Posted by: Valcan at April 6, 2009 10:19 PM

I'm glad they're thinking about dialing back missile defense. It doesn't work, and counter measures will always be effective.

Posted by: paulo at April 6, 2009 09:10 PM

The Bush administration had already planned to terminate the F-22 this year, so that is no cut. Obama plans to spend more than Bush, so where are the cuts? The F-22 does not have the ground attack systems like the F-15s, that is a future unfunded mod plan. They've known the ABL doesn't work years, so its no suprise they finally ended it. The new Navy destroyers have proven less capable than the old ones, so even the Admirals want that program ended. Of course the failed V-22 lives on, even though its performance is less than half of what was promised. When you read its specs, those were goals that were never met. More at G2mil on that disaster. These cuts are merely a pin prick of what needs to be done.

Posted by: randy at April 6, 2009 09:05 PM

obama believes American Power is the problem and seeks to limit our capabilities.

That is, obama is attempting to redirect military programs which would otherwise maintain the USA superpower global power projection capability
(F-22, FCS, CSGs, etc) to constabulary capabilities, read European
military, which are no threat to rising powers. Combine this with the directed atrophying of serious ABM technologies, (MKV, ABL, GBI) with his
rhetoric directed to unilateral nuclear disarmament, test band treaty and
new arm limit agreements with Russia and what other conclusion can be drawn?

Posted by: cvn at April 6, 2009 08:32 PM

An institution like the War Department (oops) needs someone at the top who gives it a cohesive direction by making well grounded and well communicated choices. Too many free flowing dollars leads to an exponentially rising loss of focus on results.

In this respect, Secretary Gates delivers more often than he fails, I think. I am most relieved by his common sense approach to giving the army tools that won't be broken too easily.

I do wish that the F-22 weren't cancelled, it seems to me that a powerful enemy successfully deterred is like hundreds of billions in the kitty.

Looking for a superweapon is wishing for the easy way out, we need processes, institutions, and fighting forces that adapt and can do things the hard, sensible, and methodical way, while being knowledgeable enough to know when an opportunity presents itself, be it tactical, strategic, technological, or just plain smart.

Posted by: Sean J. Wagner at April 6, 2009 07:50 PM

Posted by: ohwilleke at April 6, 2009 05:35 PM

Um ok as for LCS hate it way to expensive for a ship to hunt down pirates.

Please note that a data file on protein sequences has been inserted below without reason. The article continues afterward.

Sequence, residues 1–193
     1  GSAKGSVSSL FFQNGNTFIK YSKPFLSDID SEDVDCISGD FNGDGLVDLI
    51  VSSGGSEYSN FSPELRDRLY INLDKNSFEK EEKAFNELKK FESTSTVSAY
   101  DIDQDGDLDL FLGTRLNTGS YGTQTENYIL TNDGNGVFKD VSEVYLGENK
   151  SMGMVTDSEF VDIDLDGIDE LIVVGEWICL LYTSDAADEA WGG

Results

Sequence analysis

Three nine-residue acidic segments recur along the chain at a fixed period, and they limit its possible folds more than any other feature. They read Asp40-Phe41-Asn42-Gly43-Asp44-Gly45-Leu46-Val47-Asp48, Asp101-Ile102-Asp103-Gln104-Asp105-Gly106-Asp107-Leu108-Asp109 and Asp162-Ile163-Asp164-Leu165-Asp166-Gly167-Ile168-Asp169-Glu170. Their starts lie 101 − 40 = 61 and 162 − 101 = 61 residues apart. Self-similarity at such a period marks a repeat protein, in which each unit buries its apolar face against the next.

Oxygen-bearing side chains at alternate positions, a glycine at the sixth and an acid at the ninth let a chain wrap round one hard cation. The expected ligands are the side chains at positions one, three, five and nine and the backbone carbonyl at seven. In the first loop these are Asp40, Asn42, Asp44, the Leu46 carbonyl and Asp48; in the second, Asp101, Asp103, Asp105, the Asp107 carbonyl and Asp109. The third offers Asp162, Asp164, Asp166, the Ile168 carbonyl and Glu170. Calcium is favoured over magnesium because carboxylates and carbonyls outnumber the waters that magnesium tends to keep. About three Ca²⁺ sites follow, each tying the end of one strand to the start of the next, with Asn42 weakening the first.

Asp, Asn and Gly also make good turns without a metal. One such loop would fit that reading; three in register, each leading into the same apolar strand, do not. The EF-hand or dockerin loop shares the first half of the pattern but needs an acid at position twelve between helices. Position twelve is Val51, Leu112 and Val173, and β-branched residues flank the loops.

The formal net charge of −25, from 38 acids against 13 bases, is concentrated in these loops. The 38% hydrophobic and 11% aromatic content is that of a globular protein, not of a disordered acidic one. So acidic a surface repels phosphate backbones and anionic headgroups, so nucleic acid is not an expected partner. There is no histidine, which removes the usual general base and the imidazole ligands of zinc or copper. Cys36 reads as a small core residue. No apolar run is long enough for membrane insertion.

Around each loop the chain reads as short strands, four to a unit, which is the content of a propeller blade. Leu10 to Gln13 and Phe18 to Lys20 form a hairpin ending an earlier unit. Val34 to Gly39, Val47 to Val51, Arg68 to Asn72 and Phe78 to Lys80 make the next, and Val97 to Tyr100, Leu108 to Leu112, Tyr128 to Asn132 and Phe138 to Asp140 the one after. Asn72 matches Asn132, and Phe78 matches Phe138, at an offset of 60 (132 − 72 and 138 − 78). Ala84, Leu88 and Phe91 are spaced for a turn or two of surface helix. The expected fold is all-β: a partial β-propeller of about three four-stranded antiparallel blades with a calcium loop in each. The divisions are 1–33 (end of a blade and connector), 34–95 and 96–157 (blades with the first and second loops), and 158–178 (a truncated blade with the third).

I think a wiser idea would be to design a new cheap (reletively speakin of course) frigate class that has the duty of sub hunting/patrol/anti piracy.

From now on make all destroyer crusiers etc large long range ships nucleur powered.

BMD a must obviously for a antiair/BMD crusier what have you.

Forget about stealth crusier destoyers etc.

Posted by: Valcan at April 6, 2009 07:28 PM

I`m English and we suffer from the same problem ie massive waste by the military procurement staff . Re the F22 and JSF all I know from a frontline RAF officer is that the Russians and Chinese would be blown out the sky by the RAF never mind the USAF with F22`s . He said the F22 and JSF are twenty years ahead of current russian/chinese avionics .

Superior tactics / avionics / missiles / radar and training mean the USAF will rule the skies for at least the next thirty years .

So I agree with Gates focus a little more on the guys on the ground taking casualties and doing the real fighting .

Remember the Russians and chinese will never want to fight a large conventional war against the USA as they know they would be out of the game in days , instead they will use as many asymmetric options as they can fathom .

Posted by: tim at April 6, 2009 07:24 PM

Boomer replacment?

Glade hes cutting the DDG 1k to just 1 dont see why theres a question of starting up the ddg51 line unless theres some idea of a new destroyer/crusier design.

Missile defense i think like someone said in another forum should be moved to naval assets sence there mobile. and can draw from existing platforms like aegis.

F22 erm kinda figured theyd go to around 210 224 or so but ok damn thing is just to freakin much no matter how much it rocks.

FCS long overdue though i hope they dont just throw out all that we've learned especialy on NLOS. btw what about stryker aquission?

Tactical aircraft?....are they talkin about replacing A-10s with f35s? if they are there frickin morons and worse.

Anyways thats just a little of my veiws...

Posted by: Valcan at April 6, 2009 07:19 PM

Jim mom's apple pie was already disarmed & raped long before you or I were ever born, we were sold out to greed long long time ago. Your hero's don't give a damn about you if you can't help line their pockets. Don't feel bad it's just human nature.

I have good news though---

I saved money on my car insurance because my a$$ was in a war zone and I had no time to get moving violations.

God loves the infantry baby get some...

Posted by: Twice Honorably Discharged Liberal 11Bravo at April 6, 2009 06:39 PM

One final thing. We really should be investing in game-changing technologies that could obsolete the militaries of both our small and big enemies. On the large side, things like cost-effective orbital weapons platforms. And on the small side, urban warfare technologies.

Posted by: XFactor at April 6, 2009 06:21 PM